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Writing adventures


The most recent game news mentioned that the Chronicles of Crime Community Editor is now available. My gf and I are currently 2 scenarios into the 5 that came in the base game, but we’re looking forward to writing a scenario sometime in the future.

This also reminds me that T.I.M.E. Stories released a Scenario Designer’s Kit (zip file). While they differ in game mechanics, both of these games are similar in the way they structure stories. Because Chronicles of Crime is a mystery game, its adventures are about finding and using information: finding evidence, learning about new locations to investigate and characters to question, assembling them to solve the case. Your first runs of a T.I.M.E. Stories adventure are also about information, learning how to access initially locked away parts of the adventure so you can finally make a run that beats the scenario.

In Chronicles of Crime, each location, character, and item can be in various states: a location might be closed until the players learn the exact address to investigate; a character might be uncooperative until persuaded (say by showing them particular evidence). Player actions and events can trigger changes in state. Similarly, T.I.M.E. Stories has state tokens that keep track of events that have taken place: you convinced the thief to show you another route into the palace; you freed the prisoner, and now the guards are on alert. T.I.M.E. Stories encodes state in other ways, for example certain paths are unlocked or easier if players possess a particular item or character.

In this way, these games are a lot like adventure games where players have to find items or trigger events that unlock the way forward. So there needs to be some information / location / characters / items initially hidden until unlocked by player actions.

Reading up on such games and mystery RPGs, one universal guideline I’ve read is that to give players multiple ways forward. Players will miss things, whether by oversight, because they failed a skill check, they didn’t find it in time, etc. And it can end the game if that one thing prevents them from making further progress. If there is a linchpin to the adventure (a key NPC, the secret location where the final showdown will take place), there need to be multiple arrows pointing to it. (Adventure games seem to be exceptions to this rule, and players seem to accept that it’s okay if the only way forward is to decode the designers’ convoluted logic.)

Anyone else have advice for writing such adventures?


Although it’s intended for RPGs, the best advice I’ve seen is in GURPS Mysteries:



Can you change the outcome of the case based on the state? Or simulate that by changing the result of talking to a particular pseudo-NPC who tells you the case solution based on the state?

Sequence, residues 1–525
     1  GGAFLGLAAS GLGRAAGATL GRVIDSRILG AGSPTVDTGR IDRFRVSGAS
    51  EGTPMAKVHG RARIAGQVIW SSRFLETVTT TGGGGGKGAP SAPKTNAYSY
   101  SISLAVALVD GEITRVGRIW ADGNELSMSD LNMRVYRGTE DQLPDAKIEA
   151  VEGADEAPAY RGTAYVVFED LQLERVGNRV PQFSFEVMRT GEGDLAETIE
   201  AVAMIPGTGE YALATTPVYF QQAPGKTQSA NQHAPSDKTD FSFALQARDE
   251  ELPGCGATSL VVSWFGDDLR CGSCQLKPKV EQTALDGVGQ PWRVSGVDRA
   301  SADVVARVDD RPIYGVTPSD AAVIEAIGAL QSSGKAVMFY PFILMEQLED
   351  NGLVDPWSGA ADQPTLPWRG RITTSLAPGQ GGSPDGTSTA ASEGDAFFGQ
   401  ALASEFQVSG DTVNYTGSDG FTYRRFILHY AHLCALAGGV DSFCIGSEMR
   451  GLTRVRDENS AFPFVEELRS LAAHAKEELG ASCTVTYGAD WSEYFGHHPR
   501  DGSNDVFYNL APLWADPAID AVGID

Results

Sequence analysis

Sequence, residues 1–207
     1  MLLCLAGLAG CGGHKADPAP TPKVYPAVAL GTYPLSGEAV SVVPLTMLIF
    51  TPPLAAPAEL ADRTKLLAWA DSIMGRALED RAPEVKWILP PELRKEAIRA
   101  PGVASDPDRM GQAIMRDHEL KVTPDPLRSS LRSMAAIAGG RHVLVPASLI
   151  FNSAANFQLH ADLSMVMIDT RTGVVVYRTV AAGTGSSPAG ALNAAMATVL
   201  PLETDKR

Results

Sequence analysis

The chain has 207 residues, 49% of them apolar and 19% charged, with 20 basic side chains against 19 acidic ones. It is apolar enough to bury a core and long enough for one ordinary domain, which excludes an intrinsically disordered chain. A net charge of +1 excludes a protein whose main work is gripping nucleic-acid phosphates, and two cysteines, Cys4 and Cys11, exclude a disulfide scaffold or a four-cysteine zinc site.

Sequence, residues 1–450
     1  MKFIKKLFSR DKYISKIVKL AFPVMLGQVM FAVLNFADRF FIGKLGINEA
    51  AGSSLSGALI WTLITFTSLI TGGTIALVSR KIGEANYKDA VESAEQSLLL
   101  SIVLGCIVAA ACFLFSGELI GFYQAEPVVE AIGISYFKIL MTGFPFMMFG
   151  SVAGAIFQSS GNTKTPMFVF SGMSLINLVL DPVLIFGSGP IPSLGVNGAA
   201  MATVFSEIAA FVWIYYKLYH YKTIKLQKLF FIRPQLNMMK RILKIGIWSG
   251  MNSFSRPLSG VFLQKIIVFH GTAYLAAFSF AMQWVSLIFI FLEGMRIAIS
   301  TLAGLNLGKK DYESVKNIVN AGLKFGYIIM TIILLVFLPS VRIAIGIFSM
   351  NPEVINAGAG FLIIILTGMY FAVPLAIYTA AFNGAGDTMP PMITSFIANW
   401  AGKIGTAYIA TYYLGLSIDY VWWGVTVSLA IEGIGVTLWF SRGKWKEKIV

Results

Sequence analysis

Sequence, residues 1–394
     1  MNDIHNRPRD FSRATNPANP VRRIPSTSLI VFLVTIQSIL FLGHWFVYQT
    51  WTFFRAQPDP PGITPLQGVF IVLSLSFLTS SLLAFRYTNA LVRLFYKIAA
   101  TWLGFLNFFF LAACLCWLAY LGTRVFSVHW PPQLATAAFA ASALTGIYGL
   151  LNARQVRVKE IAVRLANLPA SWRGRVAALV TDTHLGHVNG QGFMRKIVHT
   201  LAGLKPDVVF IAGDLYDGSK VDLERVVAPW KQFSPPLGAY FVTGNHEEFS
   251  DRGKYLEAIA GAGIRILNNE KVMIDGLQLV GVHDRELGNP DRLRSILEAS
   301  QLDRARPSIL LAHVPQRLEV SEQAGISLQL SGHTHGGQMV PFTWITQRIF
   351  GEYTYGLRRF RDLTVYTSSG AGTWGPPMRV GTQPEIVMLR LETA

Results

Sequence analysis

It would be really interesting to be able to change how you handled clues in the story based on what players seemed to find most relevant.


Yes, Chronicles of Crime scenarios can have multiple endings, with the ending players receive depending on the state of objects (e.g., is a witness cooperative or uncooperative, was an object found) or based on how they answer the questions.

Measuring “what players seemed to find most relevant” is tricky, but you can do something like: if characters A and B have been asked about item C, this implies the players have made that connection, so this triggers an event that switches the state of some objects. For example, characters A and D now react differently, the players receive a phone call, location E is revealed, etc.


I dunno if this helps? From my experience:

A plot lynchpin that is missed, destroyed, failed or killed outside of the players control is bad game design. Avoid permanent loss by random chance at all cost. But failure doesn’t have to be a 100% negative outcome every time, if anything, failure can be the launching point for new, interesting plot arcs. In the case of a hard-coded game (rather than an RPG) having mulitple endings based on which route was taken is a good way to implement this, and make the game interesting over multiple playthroughs.


Yeah, that’s the sort of thing I was thinking. Not necessarily so extreme as to ensure your guesses will always steer you right, but to avoid situations quite common in Consulting Detective where you can miss an entire dimension of the mystery and get to the end feeling like your time was wasted. Sure, you can quibble that this being possible in the first place is bad design … but the reality is its going to happen no matter how much effort you put in and good design can only get you so far without reactivity. Not having a GM, your options are a bit more limited, but it’s neat that there’s something there in Chronicles of Crime and that’s definitely worth digging into. :smiley:


@Sagantine Good point. In one of our games, when we failed to solve a case, instead of ending the scenario, our chief told us to get back out there and do our jobs properly, plus a strong hint of where to look. But that may be because we were playing a scenario in a campaign and, to continue the campaign, we have to solve that case. I can see one-off cases having various endings, some of them encouraging players to try again for a better result, kind of like what T.I.M.E. Stories does with its multiple runs.